[On behalf of the University of Michigan Press E-Book Accessibility Task Force]
Recently the University of Michigan Press publicly endorsed the accessible publishing guidelines outlined by the Society for Disability Studies. These guidelines encourage publishers to ensure that accessibility is “built in” to new titles—that accessible file formats, text descriptions of multimedia, and available alternate versions are standard products of the publishing process. The Press strongly believes in this universal design approach, and since June 2015 have been working behind the scenes to support these guidelines. This work is part of a longer history at the Press, and a big part of our future.
Accessible publishing is not entirely new for Michigan Publishing, the parent organization of the University of Michigan Press. Our open access online publications, including Digital Culture Books, Maize Books, and Michigan Journals are accessible to all—free and in an accessible format. Furthermore, for many years we have met the needs of individual readers with print disabilities by participating in Bookshare and also providing accessible PDFs upon request–this year alone we fulfilled over 50 requests for accessible PDFs. However, we understand that this is not enough. We therefore formed an Accessibility Task Force in summer 2015 to assess our existing electronic books and to make recommendations for improvement. By 2016, we will complete our assessment and introduce new processes and guidelines to support accessibility in all titles published by the University of Michigan Press.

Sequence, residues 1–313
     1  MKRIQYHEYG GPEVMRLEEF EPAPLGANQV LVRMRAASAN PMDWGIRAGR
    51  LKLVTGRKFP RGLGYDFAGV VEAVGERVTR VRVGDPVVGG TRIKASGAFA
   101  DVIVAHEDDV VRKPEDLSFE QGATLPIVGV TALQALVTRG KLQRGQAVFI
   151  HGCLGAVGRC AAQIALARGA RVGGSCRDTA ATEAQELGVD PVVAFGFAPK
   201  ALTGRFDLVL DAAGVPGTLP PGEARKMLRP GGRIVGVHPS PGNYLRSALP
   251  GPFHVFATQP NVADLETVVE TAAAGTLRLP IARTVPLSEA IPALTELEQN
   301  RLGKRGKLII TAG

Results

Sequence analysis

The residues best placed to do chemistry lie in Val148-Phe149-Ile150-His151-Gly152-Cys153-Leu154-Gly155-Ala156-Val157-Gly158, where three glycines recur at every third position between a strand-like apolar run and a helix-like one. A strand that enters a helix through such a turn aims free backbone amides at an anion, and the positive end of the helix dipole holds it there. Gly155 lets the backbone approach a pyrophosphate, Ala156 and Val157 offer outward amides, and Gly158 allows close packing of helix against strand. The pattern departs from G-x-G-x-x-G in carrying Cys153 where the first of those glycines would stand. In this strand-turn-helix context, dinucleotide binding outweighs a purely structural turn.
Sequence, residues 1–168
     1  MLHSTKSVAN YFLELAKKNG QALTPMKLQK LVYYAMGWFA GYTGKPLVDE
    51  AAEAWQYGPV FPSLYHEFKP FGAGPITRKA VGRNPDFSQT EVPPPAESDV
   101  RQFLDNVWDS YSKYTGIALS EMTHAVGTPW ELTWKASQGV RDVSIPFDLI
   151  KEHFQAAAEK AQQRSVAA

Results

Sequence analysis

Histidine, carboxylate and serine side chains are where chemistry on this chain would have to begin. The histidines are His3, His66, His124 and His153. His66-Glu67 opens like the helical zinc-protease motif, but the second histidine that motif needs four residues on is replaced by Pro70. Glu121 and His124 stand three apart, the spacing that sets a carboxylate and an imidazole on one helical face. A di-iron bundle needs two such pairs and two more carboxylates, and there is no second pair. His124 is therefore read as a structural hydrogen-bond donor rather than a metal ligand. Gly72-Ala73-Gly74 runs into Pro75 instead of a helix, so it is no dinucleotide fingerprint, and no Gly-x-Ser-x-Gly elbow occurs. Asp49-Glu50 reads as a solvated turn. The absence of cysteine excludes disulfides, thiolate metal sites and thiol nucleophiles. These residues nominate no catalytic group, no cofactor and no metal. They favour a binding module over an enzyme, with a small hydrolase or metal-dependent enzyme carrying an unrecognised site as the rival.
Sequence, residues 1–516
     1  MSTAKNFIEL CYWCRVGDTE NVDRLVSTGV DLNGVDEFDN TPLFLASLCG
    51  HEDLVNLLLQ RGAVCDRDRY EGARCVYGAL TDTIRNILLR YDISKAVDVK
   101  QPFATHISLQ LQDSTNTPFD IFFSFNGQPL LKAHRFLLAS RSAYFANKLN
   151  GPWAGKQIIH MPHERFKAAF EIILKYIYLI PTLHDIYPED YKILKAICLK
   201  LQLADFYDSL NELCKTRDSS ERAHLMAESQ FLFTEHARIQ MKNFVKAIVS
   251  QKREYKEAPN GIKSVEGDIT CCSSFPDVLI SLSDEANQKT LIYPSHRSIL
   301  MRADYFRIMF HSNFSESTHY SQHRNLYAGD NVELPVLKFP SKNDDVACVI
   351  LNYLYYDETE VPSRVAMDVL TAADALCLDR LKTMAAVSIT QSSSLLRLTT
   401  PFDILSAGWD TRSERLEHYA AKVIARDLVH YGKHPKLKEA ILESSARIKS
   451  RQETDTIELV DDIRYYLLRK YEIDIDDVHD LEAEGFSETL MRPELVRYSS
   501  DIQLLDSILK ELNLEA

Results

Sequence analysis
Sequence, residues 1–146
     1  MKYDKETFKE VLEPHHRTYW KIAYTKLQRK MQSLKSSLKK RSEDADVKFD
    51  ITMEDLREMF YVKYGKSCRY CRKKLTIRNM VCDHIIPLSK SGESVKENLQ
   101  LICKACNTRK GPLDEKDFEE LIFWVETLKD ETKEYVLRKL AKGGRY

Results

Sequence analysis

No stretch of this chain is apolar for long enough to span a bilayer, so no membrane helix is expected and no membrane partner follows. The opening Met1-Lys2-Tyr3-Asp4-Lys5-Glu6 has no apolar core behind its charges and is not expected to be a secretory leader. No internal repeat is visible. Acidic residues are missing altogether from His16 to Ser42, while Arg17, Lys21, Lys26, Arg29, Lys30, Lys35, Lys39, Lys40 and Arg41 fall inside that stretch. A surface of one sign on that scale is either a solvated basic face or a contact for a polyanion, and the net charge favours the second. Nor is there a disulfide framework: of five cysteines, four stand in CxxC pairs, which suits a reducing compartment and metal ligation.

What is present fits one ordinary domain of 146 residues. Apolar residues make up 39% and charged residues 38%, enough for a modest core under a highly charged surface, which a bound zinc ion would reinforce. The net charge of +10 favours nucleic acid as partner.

To implement the next phase of our accessibility work, we are modifying our publishing process to incorporate accessibility from the earliest stages to the final release of a project. This means endorsing accessible EPUB 3 as the preferred output format. We also plan to work with authors while preparing manuscripts for submission, to help them provide accurate and meaningful description of audio and visual media so our publications are not merely compliant with accessibility requirements but also intellectually useful for all. We are redesigning our author guidelines and editorial review process to reflect this commitment. The change we make now will ensure that our future publications align with both the letter and the spirit of accessibility guidelines.
A new Accessibility Statement on our public website highlights our current efforts as well as the services we already offer to readers with print disabilities. These services are a crucial stopgap mechanism and a pragmatic approach to making our backlist titles accessible while we focus on “built-in” accessibility for new titles. The first new titles to fully reflect the processes currently under development and meet new accessibility guidelines will be from our disability studies series, Corporealities: Discourses of Disability, with other titles to follow shortly after. The current effort is just the beginning of the next phase of accessible publishing at the University of Michigan Press.